Raze it or save it? Developer decides the fate of the King George Inn

By - Last modified: November 20, 2013 at 11:03 AM

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The King George Inn sits at the corner of Hamilton Boulevard and Cedar Crest Boulevard in South Whitehall Township.
The King George Inn sits at the corner of Hamilton Boulevard and Cedar Crest Boulevard in South Whitehall Township. - (Photo By Stacy Wescoe)

A battle has been brewing in one Lehigh County township as a developer grapples with the need to balance historic preservation with the potential of prime commercial real estate, all on one site.

But a piece of the past may find a home amid modern day commercial space as Atul Patel, developer of the historic King George Inn, said he plans to keep the existing stone structure and build a bank, drug store and hotel or restaurant on the land surrounding it. His plan is to have three commercial users on the six-acre site.

Along a busy stretch of Hamilton and Cedar Crest boulevards in South Whitehall Township, the King George Inn has been the target of a conflict between preservationists who want to save a historic building dating to 1756 and the developer who initially wanted to demolish it.

"I don't want to destroy the building; I understand it's a very old structure, so why don't we save it?" said Patel, who has an agreement to buy the inn and already owns the surrounding land. "There's no commercial value; there's a historic value to the building."

He does not have a demolition permit for the King George, still under the ownership of Cliff McDermott, Patel said.

Patel said he wants to work with McDermott and possibly the local historic society to improve the exterior of the structure. He would like to install benches to encourage visitors to stop by the site and add exterior lighting since the building is dark at night. He also would like to remove the wood on the outside of the building.

It's unclear if the building would be open for public tours.

"The problem is that it's in a flood zone [and] water gets in the basement," Patel said.

To fix the flooding problem, it could cost $780,000 to $1 million, he said. Newton Engineering of Lower Macungie is working on the flooding issue and developing a plan to remove the water.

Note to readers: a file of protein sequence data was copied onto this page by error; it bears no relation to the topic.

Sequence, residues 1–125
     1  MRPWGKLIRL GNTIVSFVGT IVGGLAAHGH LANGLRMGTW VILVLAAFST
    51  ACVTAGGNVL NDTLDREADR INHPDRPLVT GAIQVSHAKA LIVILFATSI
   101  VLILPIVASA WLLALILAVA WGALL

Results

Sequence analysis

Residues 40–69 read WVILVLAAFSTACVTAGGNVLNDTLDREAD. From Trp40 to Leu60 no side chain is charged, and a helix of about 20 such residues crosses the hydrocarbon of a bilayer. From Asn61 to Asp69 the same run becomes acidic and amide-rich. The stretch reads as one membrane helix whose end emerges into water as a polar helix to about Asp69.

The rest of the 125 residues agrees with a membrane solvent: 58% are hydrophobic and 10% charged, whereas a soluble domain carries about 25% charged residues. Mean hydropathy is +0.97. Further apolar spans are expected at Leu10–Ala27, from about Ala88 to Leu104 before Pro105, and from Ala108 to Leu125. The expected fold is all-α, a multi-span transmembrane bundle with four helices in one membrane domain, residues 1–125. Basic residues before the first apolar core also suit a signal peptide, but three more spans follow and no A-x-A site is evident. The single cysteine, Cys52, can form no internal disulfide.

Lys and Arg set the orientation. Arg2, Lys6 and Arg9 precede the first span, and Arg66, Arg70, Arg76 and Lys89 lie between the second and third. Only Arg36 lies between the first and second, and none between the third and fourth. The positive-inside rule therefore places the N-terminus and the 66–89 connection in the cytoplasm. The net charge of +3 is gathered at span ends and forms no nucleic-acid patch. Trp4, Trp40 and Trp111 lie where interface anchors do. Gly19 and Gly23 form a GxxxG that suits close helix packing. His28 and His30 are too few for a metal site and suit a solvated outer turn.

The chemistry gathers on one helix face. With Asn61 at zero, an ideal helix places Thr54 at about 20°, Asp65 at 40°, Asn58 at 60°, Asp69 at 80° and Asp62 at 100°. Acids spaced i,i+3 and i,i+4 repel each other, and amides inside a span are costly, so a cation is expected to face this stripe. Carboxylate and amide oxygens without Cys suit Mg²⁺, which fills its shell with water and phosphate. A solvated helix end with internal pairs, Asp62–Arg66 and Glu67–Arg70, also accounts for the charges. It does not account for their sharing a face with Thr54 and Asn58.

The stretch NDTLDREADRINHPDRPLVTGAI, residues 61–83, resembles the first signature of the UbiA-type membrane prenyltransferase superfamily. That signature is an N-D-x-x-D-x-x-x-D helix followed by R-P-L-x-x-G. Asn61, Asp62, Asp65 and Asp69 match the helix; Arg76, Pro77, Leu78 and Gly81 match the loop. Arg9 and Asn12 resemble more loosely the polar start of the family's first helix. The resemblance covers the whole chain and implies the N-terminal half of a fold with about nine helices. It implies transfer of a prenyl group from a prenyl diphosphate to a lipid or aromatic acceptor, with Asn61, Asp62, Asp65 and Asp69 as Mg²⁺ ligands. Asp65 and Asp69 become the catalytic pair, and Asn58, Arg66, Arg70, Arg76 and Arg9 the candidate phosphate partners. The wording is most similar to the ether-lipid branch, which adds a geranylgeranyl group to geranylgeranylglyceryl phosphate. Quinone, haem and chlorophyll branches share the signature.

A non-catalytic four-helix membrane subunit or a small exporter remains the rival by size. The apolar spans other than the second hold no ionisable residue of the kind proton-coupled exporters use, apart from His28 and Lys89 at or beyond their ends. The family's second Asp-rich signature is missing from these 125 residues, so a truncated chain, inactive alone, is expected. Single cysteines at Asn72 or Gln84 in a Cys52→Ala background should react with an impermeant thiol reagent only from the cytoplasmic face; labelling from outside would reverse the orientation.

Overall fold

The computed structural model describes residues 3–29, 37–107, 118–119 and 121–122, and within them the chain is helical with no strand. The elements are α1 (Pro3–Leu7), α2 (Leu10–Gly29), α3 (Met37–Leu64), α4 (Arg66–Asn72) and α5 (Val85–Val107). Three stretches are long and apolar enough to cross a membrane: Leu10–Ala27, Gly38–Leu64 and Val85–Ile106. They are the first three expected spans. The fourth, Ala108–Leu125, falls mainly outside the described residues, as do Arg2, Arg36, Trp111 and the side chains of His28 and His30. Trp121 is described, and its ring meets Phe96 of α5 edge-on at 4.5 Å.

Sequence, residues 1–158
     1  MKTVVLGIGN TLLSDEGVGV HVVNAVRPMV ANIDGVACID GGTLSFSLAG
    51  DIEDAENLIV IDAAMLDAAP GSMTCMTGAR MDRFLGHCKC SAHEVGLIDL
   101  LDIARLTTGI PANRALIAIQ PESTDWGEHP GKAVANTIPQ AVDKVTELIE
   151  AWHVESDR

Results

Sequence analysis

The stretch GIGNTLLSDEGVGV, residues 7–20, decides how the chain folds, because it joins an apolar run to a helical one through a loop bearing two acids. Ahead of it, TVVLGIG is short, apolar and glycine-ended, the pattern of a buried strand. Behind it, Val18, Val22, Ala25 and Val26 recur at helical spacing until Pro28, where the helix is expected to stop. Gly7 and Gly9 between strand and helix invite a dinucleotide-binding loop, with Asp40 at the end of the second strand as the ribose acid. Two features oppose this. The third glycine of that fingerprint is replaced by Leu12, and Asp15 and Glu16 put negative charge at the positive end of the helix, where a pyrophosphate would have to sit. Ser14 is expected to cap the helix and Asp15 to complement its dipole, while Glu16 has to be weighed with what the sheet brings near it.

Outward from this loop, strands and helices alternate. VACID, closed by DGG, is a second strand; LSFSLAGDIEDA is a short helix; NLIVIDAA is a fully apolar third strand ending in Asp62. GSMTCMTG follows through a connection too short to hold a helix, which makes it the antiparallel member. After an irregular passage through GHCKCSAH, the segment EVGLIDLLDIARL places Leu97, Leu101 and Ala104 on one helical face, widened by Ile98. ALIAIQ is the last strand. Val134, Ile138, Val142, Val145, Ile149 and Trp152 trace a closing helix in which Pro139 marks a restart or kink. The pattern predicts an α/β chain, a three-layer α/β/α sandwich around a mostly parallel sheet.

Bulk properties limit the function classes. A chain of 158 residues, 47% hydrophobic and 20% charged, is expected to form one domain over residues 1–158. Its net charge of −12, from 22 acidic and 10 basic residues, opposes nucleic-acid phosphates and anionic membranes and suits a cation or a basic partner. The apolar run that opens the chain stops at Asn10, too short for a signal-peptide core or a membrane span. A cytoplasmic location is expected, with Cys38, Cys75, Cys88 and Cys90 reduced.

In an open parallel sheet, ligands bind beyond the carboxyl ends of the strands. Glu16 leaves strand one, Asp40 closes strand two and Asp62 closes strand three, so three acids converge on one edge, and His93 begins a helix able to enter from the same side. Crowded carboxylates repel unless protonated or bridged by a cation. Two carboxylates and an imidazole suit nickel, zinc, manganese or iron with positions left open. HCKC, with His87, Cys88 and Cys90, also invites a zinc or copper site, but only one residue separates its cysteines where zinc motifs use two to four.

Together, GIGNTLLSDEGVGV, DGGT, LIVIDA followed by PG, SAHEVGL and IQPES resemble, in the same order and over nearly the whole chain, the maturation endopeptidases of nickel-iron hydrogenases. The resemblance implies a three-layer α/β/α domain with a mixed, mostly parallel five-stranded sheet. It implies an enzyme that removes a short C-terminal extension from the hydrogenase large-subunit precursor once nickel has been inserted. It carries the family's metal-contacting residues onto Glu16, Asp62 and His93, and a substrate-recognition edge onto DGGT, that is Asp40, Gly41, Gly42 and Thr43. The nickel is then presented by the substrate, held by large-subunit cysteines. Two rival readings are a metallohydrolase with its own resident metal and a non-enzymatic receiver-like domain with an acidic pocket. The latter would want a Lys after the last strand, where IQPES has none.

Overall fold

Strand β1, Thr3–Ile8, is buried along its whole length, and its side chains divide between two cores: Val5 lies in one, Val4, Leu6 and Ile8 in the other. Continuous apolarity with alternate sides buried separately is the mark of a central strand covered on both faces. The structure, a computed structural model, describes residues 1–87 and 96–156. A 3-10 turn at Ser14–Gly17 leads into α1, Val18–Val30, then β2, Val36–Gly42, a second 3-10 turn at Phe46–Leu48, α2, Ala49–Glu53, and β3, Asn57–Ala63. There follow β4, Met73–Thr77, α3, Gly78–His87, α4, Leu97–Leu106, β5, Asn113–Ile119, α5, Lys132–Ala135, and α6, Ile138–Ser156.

Nearby properties are one source of the runoff, Patel said.

Jon Hammer, township manager, said the township is trying to find a solution for the stormwater issue.

"No one really wants to see the building go, but part of the issue is, it's in one of the worst stormwater areas of the township," Hammer said.

Creating a detention pond on the vacant Burger King parcel is one possible solution, Hammer said.

Patel said he had to change his plan for the development, and new drawings will be completed within a week. He will present a revised plan to the township.

Hammer said the plan for the King George Inn has been continued for a couple of township zoning hearing board meetings. The plan would also have to go before the planning board and township board of commissioners for approval.

"What we are looking for is the highest potential use for that property," Hammer said. "Development that's needed, development that's wanted."

Brian Pedersen

Brian Pedersen

Reporter Brian Pedersen covers construction, development, warehousing and real estate and keeps you up to date on the changing landscape of our community. He can be reached at brianp@lvb.com or 610-807-9619, ext. 108. Follow him on Twitter @BrianLehigh and read his blog, “Can You Dig It,” at http://www.lvb.com/section/can-you-dig-it. Brian also has a strong interest in health and fitness. He works part-time as a personal trainer at Steel Fitness Riverport in Bethlehem and earned his personal fitness trainer certification from World Instructor Training Schools.

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